Thus, according to another aspect of the present invention there is provided a method of treating a disease in which inhibiting of a proteasome is advantageous, the method comprising administering to the subject a therapeutically effective amount of a compound which binds to a proteasome of a cell, the compound comprising copper bound to a ligand, the ligand being configured such that upon binding to the proteasome, the copper interacts with cysteine 31 of a β2 subunit of the proteasome and further interacts with cysteine 118 of a β3 subunit of the proteasome.

The copper can be either a copper atom (having a 0 oxidation state), or a copper ion (having I or II oxidation state).

In cases where the copper is a copper ion, it is bound to one or two anions such as, for example, halides (e.g., bromides).

In some embodiments, the copper is a copper ion. In some embodiments, the copper ion is Cu+1. In some embodiments, the copper ion is bound to a bromide.

As used herein the term “ligand” describes a chemical moiety, ion or atom that is associated with a central metal atom, via covalent bonds, ionic bonds and/or coordinative bonds. The ligand can be associated with copper atom or a copper ion.

According to embodiments of the invention, the ligand is selected such that it includes one or more chemical groups that interact with one or more amino acids in the trypsin-like active site of the proteasome, whereby this interaction results in a configuration of the ligand within this active site in which the copper is present in a proximity and orientation of the above-indicated cysteine residues that allows its interaction with these cysteine residues.

In some embodiments, the ligand includes one or more electron donating atoms for forming a complex with the electron-poor copper atom or ion. Suitable electron donating atoms include, but are not limited to, nitrogen, sulfur, and oxygen.

In some embodiments, the ligand includes at least two nitrogen atoms that form coordinative bonds with the copper. Optionally, the ligand includes one or more nitrogen atoms and one or more sulfur atoms.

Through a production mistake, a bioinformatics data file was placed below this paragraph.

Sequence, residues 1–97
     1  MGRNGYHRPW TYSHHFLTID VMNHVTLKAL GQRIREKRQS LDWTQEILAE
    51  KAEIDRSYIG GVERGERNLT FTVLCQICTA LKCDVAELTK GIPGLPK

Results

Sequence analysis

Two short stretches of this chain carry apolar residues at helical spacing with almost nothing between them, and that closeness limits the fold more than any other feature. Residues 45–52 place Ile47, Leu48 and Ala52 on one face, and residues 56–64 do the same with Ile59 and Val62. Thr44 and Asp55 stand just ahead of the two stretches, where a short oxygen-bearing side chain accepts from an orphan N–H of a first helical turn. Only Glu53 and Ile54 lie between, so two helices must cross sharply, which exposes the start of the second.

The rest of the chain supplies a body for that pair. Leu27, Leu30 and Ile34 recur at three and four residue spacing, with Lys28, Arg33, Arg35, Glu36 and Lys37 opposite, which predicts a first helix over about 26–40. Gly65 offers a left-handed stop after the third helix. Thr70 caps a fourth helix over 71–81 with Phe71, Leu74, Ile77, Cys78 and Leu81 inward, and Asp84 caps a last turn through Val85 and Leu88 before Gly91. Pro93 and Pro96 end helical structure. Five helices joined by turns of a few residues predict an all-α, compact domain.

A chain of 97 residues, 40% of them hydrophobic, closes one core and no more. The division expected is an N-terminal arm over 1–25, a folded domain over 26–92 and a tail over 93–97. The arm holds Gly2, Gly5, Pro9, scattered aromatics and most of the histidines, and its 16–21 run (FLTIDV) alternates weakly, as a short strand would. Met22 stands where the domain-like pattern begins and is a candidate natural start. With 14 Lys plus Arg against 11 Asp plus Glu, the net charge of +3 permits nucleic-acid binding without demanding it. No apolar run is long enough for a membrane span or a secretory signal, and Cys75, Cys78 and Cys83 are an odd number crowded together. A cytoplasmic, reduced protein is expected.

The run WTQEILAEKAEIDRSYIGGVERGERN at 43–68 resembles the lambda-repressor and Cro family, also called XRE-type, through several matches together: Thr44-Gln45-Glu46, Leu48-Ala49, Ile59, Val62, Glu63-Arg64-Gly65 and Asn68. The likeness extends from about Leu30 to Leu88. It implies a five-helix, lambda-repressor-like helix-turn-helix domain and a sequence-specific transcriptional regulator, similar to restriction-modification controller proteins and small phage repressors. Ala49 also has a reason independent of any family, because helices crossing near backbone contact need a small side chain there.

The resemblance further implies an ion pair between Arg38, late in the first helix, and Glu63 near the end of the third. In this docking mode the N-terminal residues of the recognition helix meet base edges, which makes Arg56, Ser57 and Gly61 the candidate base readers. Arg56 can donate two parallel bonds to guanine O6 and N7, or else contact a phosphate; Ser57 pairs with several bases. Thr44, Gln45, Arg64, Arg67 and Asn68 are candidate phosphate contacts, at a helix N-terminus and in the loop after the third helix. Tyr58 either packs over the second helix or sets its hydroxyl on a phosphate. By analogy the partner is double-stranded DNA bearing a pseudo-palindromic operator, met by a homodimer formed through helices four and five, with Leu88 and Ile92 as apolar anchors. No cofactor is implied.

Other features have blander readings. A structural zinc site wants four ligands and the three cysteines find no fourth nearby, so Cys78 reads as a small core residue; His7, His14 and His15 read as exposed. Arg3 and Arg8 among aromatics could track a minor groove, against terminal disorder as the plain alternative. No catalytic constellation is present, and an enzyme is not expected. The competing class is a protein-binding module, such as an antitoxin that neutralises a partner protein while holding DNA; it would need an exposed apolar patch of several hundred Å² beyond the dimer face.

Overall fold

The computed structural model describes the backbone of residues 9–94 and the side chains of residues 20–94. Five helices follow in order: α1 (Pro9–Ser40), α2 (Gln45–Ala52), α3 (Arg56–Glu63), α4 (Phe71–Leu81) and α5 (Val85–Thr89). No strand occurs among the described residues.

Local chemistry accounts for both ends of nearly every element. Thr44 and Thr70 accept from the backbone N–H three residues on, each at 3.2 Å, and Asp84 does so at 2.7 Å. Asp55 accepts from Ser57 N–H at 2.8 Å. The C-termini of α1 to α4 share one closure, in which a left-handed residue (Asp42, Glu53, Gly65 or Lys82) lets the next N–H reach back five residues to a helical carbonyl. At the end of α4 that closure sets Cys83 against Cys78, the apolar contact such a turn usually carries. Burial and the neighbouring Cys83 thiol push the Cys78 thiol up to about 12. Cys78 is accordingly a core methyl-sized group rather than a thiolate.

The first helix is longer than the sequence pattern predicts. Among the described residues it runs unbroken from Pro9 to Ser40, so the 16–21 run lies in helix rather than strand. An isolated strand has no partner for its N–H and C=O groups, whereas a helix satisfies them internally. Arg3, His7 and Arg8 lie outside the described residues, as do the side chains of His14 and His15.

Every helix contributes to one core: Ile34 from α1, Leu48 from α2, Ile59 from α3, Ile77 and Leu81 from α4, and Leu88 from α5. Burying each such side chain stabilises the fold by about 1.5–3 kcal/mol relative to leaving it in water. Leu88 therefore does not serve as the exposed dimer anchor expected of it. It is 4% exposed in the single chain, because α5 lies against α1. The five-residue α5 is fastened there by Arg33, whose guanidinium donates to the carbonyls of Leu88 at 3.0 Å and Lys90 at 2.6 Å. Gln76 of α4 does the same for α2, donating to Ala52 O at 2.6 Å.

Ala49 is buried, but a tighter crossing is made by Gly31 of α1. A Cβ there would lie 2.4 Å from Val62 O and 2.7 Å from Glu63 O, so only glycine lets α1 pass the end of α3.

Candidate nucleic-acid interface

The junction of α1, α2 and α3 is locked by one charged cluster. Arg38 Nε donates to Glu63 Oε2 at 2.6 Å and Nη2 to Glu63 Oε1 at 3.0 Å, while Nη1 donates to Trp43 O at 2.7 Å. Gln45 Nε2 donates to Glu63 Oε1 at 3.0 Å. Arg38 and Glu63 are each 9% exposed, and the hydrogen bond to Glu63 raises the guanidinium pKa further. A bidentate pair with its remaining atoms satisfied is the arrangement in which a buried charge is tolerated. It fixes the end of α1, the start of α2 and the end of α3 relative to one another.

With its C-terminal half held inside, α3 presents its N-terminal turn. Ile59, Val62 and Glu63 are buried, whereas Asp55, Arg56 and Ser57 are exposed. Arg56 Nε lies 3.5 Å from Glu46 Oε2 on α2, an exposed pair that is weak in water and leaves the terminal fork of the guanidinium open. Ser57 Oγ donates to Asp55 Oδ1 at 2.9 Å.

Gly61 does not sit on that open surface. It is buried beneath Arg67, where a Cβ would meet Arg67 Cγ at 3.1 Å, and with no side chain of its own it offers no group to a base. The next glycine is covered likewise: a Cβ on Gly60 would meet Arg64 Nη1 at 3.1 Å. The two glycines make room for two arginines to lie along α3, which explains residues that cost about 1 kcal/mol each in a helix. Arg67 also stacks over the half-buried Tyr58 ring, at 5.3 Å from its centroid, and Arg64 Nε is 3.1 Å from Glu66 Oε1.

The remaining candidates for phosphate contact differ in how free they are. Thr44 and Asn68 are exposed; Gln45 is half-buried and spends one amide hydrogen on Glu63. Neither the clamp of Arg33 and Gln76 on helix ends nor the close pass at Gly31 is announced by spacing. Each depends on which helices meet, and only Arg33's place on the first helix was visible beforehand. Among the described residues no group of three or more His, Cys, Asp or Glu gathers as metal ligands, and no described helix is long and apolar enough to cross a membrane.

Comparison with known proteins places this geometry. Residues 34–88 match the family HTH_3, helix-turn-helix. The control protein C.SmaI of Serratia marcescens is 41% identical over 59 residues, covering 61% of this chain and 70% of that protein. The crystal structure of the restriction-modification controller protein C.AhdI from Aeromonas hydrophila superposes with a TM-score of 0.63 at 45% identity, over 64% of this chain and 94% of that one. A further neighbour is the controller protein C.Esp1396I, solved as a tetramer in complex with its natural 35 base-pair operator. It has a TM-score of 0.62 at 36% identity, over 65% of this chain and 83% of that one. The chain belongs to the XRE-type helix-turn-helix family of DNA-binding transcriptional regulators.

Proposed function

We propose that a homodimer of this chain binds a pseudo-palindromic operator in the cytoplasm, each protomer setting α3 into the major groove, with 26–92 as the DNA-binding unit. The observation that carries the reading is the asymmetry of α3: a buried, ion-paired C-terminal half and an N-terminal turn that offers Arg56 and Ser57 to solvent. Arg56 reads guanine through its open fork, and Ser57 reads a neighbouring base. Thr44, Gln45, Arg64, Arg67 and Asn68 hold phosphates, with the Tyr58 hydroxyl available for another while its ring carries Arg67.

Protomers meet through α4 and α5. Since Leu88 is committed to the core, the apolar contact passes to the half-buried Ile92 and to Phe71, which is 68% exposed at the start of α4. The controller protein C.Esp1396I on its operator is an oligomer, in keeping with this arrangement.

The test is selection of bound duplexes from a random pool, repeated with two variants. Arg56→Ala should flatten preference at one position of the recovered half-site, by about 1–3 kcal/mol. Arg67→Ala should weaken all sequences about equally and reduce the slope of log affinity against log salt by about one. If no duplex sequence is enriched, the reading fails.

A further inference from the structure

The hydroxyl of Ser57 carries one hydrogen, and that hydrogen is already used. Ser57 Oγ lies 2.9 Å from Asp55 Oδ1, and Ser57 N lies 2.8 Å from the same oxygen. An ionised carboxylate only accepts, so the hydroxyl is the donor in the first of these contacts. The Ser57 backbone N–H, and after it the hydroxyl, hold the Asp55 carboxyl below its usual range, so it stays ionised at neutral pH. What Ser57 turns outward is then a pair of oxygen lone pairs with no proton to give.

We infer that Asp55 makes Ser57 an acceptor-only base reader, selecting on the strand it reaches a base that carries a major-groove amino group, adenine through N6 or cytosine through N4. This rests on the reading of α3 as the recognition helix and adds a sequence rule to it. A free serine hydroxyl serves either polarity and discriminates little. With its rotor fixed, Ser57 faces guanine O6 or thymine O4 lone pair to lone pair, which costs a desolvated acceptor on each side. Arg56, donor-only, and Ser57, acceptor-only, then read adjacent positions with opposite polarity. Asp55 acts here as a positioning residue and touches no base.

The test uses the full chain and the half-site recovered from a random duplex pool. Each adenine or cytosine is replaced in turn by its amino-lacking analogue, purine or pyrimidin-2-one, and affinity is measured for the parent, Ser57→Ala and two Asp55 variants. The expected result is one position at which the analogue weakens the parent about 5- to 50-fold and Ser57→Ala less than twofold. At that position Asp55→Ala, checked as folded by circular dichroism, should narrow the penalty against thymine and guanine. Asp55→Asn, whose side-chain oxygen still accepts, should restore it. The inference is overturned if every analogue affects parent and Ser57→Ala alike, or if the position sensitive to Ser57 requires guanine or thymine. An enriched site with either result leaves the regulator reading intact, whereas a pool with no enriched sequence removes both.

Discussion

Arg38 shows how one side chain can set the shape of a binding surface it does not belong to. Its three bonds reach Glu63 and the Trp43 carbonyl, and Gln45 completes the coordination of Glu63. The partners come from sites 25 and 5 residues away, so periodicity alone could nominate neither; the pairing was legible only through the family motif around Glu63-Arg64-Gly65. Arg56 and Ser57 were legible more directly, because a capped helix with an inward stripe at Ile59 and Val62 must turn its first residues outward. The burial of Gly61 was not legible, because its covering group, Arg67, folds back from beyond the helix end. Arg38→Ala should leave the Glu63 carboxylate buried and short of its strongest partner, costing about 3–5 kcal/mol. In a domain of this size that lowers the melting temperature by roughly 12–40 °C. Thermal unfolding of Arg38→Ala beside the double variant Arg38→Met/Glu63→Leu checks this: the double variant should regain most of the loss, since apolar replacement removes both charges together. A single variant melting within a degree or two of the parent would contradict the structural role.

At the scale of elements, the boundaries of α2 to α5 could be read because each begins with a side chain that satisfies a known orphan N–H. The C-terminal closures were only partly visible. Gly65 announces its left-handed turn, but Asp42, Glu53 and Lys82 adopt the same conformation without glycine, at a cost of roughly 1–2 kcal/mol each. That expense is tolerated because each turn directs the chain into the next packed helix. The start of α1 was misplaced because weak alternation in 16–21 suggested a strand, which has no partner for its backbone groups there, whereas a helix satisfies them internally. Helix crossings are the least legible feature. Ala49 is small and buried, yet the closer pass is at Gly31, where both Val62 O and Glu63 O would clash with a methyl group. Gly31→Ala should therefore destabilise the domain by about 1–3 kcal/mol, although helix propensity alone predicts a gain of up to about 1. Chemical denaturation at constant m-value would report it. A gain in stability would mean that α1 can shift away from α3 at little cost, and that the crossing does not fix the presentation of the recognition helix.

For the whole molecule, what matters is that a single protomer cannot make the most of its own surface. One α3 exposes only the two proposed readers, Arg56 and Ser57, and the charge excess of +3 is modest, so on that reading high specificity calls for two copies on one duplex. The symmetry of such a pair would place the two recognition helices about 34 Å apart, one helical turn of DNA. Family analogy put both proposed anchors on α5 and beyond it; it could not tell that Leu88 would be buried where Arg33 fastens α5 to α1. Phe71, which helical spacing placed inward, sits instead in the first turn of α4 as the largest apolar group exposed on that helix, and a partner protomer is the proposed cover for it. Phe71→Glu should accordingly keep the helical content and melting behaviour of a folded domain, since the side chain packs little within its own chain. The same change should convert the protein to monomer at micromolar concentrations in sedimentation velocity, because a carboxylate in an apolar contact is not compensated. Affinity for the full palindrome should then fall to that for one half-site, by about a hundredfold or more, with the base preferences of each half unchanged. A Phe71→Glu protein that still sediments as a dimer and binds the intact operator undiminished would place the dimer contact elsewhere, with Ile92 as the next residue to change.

In some embodiments, the ligand is such that the electron donating atoms (e.g., nitrogen and/or sulfur atoms) form stable 5-membered or 6-membered ring(s) upon coordinatively binding the copper.

In some embodiments, the nitrogen and/or sulfur atoms in the ligand are such that upon coordinatively binding the copper, a rigid structure is formed.

By “rigid structure” it is meant that the number of free-to-rotate bonds in the compound is minimal, namely, is no more than 1 or 2.

The rigid structure assures that the ligand is configured in the active site as desired (as indicated supra) selectively, such that is cannot be subjected to changes in its three-dimensional configuration that could reduce the interaction of the copper with the above-indicated cysteine residues in the active site.

Thus, in some embodiments, the ligand includes electron donating atoms as described herein, which form, upon coordinating the copper, a complex that comprises fused rings.

In some embodiments, the ligand includes electron donating atoms which form with copper a complex that comprises 2 fused rings, optionally and preferably 3 fused rings, and further optionally 4 and even 5 fused rings.

By “fused ring” it is meant that the two or more rings that have two adjacent atoms and the bond therebetween in common.

Each ring in the part of the ligand that is directly associated with the copper can independently be heteroalicyclic or heteroaromatic ring.